Emerging Markets Are 'Closer to Wall St'

Financial News, July 27, 2002 | Go to article overview

Emerging Markets Are 'Closer to Wall St'


Byline: Ben Wright

A new paper by investment consultant Watson Wyatt says that emerging market investment may not provide investor protection during volatility in mainstream markets.The paper, Emerging markets equities - is there a case for investing? says: "The non-correlation argument needs closer analysis in the light of events over the past few years. If emerging markets really are uncorrelated, then a crisis in one country should be a fairly isolated event, with little knock-on effect on other markets."

Traditional thinking suggests that emerging markets offer strong diversification attractions, as returns are relatively uncorrelated with each other as well as with the developed markets.

Hans Hamre, associate director and lead global emerging markets analyst at Standard & Poor's, last month said: "Despite recent outperformance compared with their developed counterparts, emerging market valuations remain attractive and this is underpinning interest in the asset class - in the absence of compelling opportunities elsewhere."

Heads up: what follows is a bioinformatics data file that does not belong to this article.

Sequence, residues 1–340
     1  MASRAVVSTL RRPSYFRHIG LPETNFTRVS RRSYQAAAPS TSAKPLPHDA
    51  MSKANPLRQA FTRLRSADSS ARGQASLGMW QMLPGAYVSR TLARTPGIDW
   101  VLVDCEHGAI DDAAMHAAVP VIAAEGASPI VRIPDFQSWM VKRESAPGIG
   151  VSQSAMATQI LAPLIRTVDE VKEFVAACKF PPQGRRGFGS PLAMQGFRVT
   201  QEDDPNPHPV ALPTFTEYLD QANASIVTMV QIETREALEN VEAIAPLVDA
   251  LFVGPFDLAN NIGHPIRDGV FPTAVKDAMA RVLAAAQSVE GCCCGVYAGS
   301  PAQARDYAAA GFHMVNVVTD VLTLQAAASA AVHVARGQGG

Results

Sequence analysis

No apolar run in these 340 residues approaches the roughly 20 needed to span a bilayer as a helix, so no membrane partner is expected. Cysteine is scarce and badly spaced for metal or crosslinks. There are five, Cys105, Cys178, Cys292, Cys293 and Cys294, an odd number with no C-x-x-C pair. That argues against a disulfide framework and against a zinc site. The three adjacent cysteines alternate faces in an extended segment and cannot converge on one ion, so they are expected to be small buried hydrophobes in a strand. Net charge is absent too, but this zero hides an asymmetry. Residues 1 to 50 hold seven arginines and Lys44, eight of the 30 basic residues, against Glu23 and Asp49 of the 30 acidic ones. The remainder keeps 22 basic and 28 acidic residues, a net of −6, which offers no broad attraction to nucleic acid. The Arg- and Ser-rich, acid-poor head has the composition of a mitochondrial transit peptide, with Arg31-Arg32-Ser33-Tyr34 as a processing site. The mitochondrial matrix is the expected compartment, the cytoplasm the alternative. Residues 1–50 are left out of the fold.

Watson's report undermines the diversification argument and argues there is a high level of contagion between the markets, particularly in times of economic strife.

Watson cites the sharp devaluation of the Mexican peso in 1994 which had a profound effect on other emerging markets. When the Thai baht came under pressure in 1997, the subsequent market crash spread to other countries in South-east Asia, and beyond to Russia.

There is a growing argument, presented by Watson, that emerging markets are more closely linked to the fortunes of Wall Street than previously thought.

Watson Wyatt found, by plotting the two-year correlations of the emerging markets with global developed markets, that the relationship with developed markets has steadily risen over the past decade.

From the data, it appears that in times of crisis, either in developed or emerging markets, the two sectors become increasingly correlated. This contagion is exactly what investors do not want.

Craig Baker, senior consultant at Watson Wyatt, says: "The clearest indications of this were following the US rate increase in early 1994, and during the 1997 to 1998 emerging market crisis. …

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